2017 Interim Results | Famous Brands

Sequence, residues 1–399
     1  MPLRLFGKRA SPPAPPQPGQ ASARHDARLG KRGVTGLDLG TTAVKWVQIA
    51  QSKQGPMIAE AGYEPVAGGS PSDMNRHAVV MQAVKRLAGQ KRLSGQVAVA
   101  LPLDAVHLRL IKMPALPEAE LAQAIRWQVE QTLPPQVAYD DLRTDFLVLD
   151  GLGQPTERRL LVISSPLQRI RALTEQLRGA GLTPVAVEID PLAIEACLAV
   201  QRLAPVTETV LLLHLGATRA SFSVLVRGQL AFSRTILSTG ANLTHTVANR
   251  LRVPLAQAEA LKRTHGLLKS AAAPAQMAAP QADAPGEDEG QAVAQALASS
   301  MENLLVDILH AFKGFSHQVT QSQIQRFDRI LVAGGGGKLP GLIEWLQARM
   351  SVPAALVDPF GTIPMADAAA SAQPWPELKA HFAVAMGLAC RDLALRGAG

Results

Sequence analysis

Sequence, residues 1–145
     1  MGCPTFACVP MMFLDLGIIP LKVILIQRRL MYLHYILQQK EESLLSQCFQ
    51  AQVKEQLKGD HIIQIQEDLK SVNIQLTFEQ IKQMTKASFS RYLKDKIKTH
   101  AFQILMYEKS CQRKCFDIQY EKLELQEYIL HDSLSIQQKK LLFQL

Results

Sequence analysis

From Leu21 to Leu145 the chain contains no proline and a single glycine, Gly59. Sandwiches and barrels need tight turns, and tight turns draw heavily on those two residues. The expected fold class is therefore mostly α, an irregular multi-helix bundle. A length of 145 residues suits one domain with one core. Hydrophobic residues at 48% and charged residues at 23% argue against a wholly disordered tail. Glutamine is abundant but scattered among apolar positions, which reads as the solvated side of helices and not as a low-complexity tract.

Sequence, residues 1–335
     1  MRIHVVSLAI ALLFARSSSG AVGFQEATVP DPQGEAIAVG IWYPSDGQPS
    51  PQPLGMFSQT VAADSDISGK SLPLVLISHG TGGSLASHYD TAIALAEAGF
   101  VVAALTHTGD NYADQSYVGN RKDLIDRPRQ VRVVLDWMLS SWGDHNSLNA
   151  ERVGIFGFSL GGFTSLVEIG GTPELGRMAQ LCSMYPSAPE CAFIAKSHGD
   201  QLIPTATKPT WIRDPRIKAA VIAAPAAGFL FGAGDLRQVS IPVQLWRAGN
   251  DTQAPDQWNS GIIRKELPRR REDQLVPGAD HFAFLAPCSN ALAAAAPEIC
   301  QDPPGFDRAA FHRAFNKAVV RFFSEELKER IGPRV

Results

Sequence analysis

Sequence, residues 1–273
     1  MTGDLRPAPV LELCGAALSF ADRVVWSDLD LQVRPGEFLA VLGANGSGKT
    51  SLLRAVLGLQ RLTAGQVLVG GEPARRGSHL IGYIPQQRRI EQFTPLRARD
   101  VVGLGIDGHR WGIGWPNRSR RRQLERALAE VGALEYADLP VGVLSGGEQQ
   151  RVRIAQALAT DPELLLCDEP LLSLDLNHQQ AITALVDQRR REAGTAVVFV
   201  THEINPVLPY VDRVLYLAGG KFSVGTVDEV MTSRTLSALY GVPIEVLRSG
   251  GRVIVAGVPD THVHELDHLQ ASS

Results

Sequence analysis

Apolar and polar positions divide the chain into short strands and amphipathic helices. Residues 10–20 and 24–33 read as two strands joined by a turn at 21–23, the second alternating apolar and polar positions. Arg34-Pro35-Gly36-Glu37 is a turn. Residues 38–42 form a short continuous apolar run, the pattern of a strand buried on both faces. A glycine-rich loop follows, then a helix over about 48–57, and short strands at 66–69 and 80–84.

39% to R3.4 billion 59% to 170 cents R406 million Johannesburg; Monday, 30 October 2017: Famous Brands (JSE code: FBR) is Africa’s largest branded food services franchisor. The Group’s vertically integrated business model comprises a portfolio of 24 brands represented by 2 797 restaurants across South Africa, the Rest of Africa and the Middle East (AME), and the United Kingdom. The Brands division is underpinned by substantial Logistics and Manufacturing operations. Chief Executive Officer, Darren Hele says, “At the financial year-end we noted that the Group would remain strongly focused on growth, despite the prevailing challenging macro-economic conditions and socio-political uncertainty in our trading markets. While local conditions equalled some of the toughest in management’s recollection, we have made good progress in advancing the Group’s growth ambitions.” He elaborates, “The integration of all recent acquisitions in South Africa was concluded, adding scale; improved efficiencies were achieved in the operations and management remained resolute in its commitment to cost containment and focus on core competencies; the depth of management and capability in the business was enhanced with key appointments; across the network 77 restaurants were opened; and, while financial constraints inhibited consumer spend, our market-leading portfolio of brands remained top of mind, with consumer loyalty demonstrated by the proliferation of industry awards won by both the Leading and Signature brands.” “In the UK market, the adverse economic and socio-political environment continued to impact negatively on the operation’s results. While the Wimpy business delivered a satisfactory performance in Sterling terms, the GBK business underperformed our expectations. However, despite the short-term headwinds faced in the UK, the Board is satisfied that the integration of GBK is on track and is optimistic about the medium-term potential of the business,” he comments. Competition across the Group’s trading regions intensified further over the period with the entry of new local and international operators. FINANCIAL RESULTS: Group revenue grew by 39% to R3.4 billion (2016: R2.5 billion), while operating profit before non-operational items remained in line with the prior comparable period at R406 million (2016: R404 million). The operating margin before non-operational items decreased to 11.9% (2016: 16.5%) due to a higher percentage of company-owned restaurants in the UK. Basic earnings per share declined by 56% to 171 cents per share (2016: 391 cents per share), while headline earnings per share decreased 59% to 170 cents (2016: 411 cents). Cash generated by operations before changes in working capital increased 19% to R543 million (2016: R457 million), while net cash inflow from operating activities rose to R247 million (2016: inflow of R82 million). At the end of the period, cash and cash equivalents were R493 million (2016: R452 million). Borrowings were R2.9 billion (2016: nil). The Group’s gearing ratio relative to its market capitalisation as at 31 August 2017 was 21% (2016: nil). Hele notes, “While the Group’s gearing is high relative to previous years, debt management is a key priority, and is proceeding according to agreed financing commitments. Subsequent to the review period, and in line with the repayment schedule, the Group met its first debt reduction obligation.” DIVIDEND AND ALLOCATION OF CAPITAL: Following the acquisition of a number of businesses in the 2017 financial year, undertaken to meet robust growth targets, the Group’s gearing is substantially higher than in prior years. Accordingly, the Board and management are reviewing the options available to ensure that the allocation of capital reserves optimises the return on investment for shareholders in the future. Such options include accelerated debt reduction, dividend payments and acquisitions. As stated in the year-end announcement on 29 May 2017, payment of dividends will resume in the 2018 financial year, subject to future acquisitions and operational requirements. Accordingly, no interim dividend will be paid. OPERATIONAL REVIEWS BRANDS The Group’s Brands portfolio comprises its Leading and Signature brands which are strategically positioned to appeal to a wide range of consumers across the income and demographic spectrum and across meal preferences and value propositions. The brand network trades through 2 797 restaurants (2016: 2 626 restaurants). The Group opened 77 restaurants and revamped 107, in line with the prior comparable period. SOUTH AFRICA: Revenue for the six months increased by 8.5% to R415 million (2016: R382 million), while operating profit declined by 1.3% to R202 million (2016: R205 million). System-wide sales (which include new restaurants) grew by 7.1%. Hele says, “In response to evolving consumer trends, we have substantially enhanced our social/digital media strategy and online ordering platform and extended the delivery offering through our own channels and third-party suppliers. Menu innovation and strategic pricing of value layers and promotions remained a key priority. In addition, the in-store experience was improved with interventions such as new store designs, enhanced staff training, in-store activations and customer-centric initiatives such as bottomless Wi-Fi (Mugg & Bean).” Leading brands: For the six months, Mugg & Bean, Steers, Milky Lane, Fishaways and Fego Caffé delivered positive system-wide and like-on-like growth, while Wimpy reported a decline in system-wide and like-on-like sales. “Debonairs Pizza recorded strong results for the period and continued to gain market share among upper and middle income consumers, demonstrating its resilience in an intensely competitive sector,” Hele comments. Signature brands: Trading conditions proved difficult for the niche brands in this portfolio. Positive system-wide and like-on-like growth was reported by NetCafé, Coffee Couture and Keg, while tashas, Turn ’n Tender, Mythos, Catch, Salsa and Lupa Osteria reported an increase in system-wide sales but a decline in like-on-like growth. Europa, Vovo Telo and The Bread Basket recorded lower system-wide sales (due to restaurant closures), as well as weaker like-on-like sales. AME: The Group continued to pursue its narrow-and-deep strategy in the AME region. With representation in 16 countries, the strategic focus is on investing in and growing the existing brand portfolio in strong markets, while exiting those that underperform. UNITED KINGDOM: In the review period, like-on-like sales across the industry remained flat, failing to offset increased input costs. Over the past three months, food cost inflation accelerated from 2% to 8%, exceeding projections, and, combined with higher labour and business rates, continued to pressure margins. “Notwithstanding these conditions,” says Hele, “the Wimpy business recorded positive like-on-like growth.” He adds, “While GBK continues to lead the premium burger category and grew system-wide sales by 11.1%, like-on-like sales decreased by 3.2% (in Sterling terms) for the 26 weeks to 27 August 2017, reflecting the difficult trading conditions. The business recorded a PBIT loss of GBP872 000 for the period, and margins declined as a function of higher input costs, significant store pre-opening costs and intensified price competition.” “While this disappointing result is primarily attributable to the prevailing economic and socio-political environment in the UK, a range of interventions are currently being implemented in the business which are anticipated to have a positive impact on future performance. These include intensified focus on the management of new restaurants opened, improved operational efficiencies and enhanced cost controls,” notes Hele. SUPPLY CHAIN: The Group’s integrated strategic Supply Chain division comprises its Logistics and Manufacturing operations, which are managed and measured independently. Combined revenue for the period increased by 12% to R2.1 billion (2016: R1.9 billion), while operating profit grew 3% to R221 million (2016: R215 million). The growth reported for the six months is primarily attributable to improved efficiencies and the integration of new business. The operating margin declined to 10.5% (2016: 11.4%). Capital expenditure of R23 million (2016: R90 million) was incurred on machinery, equipment and plant upgrades. LOOKING FORWARD Brands: A further 130 restaurants are scheduled for opening by the end of the current financial year and 160 revamps are planned. “We anticipate that our Leading brands will deliver stronger results in the second half of the year, benefiting from the holiday season, although the Casual Dining brands are expected to lag the general improvement,” Hele comments. Furthermore, the Board is of the opinion that GBK’s return to profitability will be achieved in the next financial year, however, the range of corrective measures implemented should expedite improved performance. The Board remains optimistic that the operation will add value to the Group in the medium term. Logistics: Following a two year wage agreement reached with Bargaining Unit members, once-off costs associated with industrial action undertaken during the period will not recur in the forthcoming period. Additionally, the once-off investment made in increasing capacity in this division during the review period will also contribute to improved results in the future. Continued efforts will be made to contain costs and improve efficiencies to realise management’s expectations of the business. Manufacturing: Pleasing performances were reported across the majority of the Group’s manufacturing and processing plants; these results will continue to improve as and when trading conditions improve and the front-end restaurant operation gains further momentum. Continued investment will be incurred to leverage additional efficiencies. PROSPECTS: The operating environment in both the local and UK markets is expected to remain testing, with prevailing conditions anticipated to persist for at least the next six months domestically and possibly longer in the UK. Hele says, “While the Group’s peak trading holiday season lies ahead, we do not foresee a significant improvement in consumer sentiment during this period. Accordingly, management’s challenge will be to leverage the market leading position of our brands and prioritise strategies which will enable the business to capitalise on all opportunities to capture disposable income.” “We remain receptive to prospective local acquisitions which align with the Group’s core competencies and which will further our goal to be the leading innovative branded franchised and food services business in South Africa and selected international markets by 2020,” Hele notes. He concludes, “The immediate challenges being experienced in the UK do not overshadow the potential which GBK holds, nor the solid and exciting business we have here in the local market. Having operated in this industry for almost fifty years and faced difficult trading environments before, it is obvious that we are a long term player; our management has multi-decade experience and expertise, so we will not be deterred by short-term headwinds. Our challenge is to adapt to changing trading conditions, which is what we are good at and what we are doing.” For further information: Darren Hele Chief Executive Officer Famous Brands Telephone: 011 651 5812 Frédéric Cornet Instinctif Mobile: 083 307 8286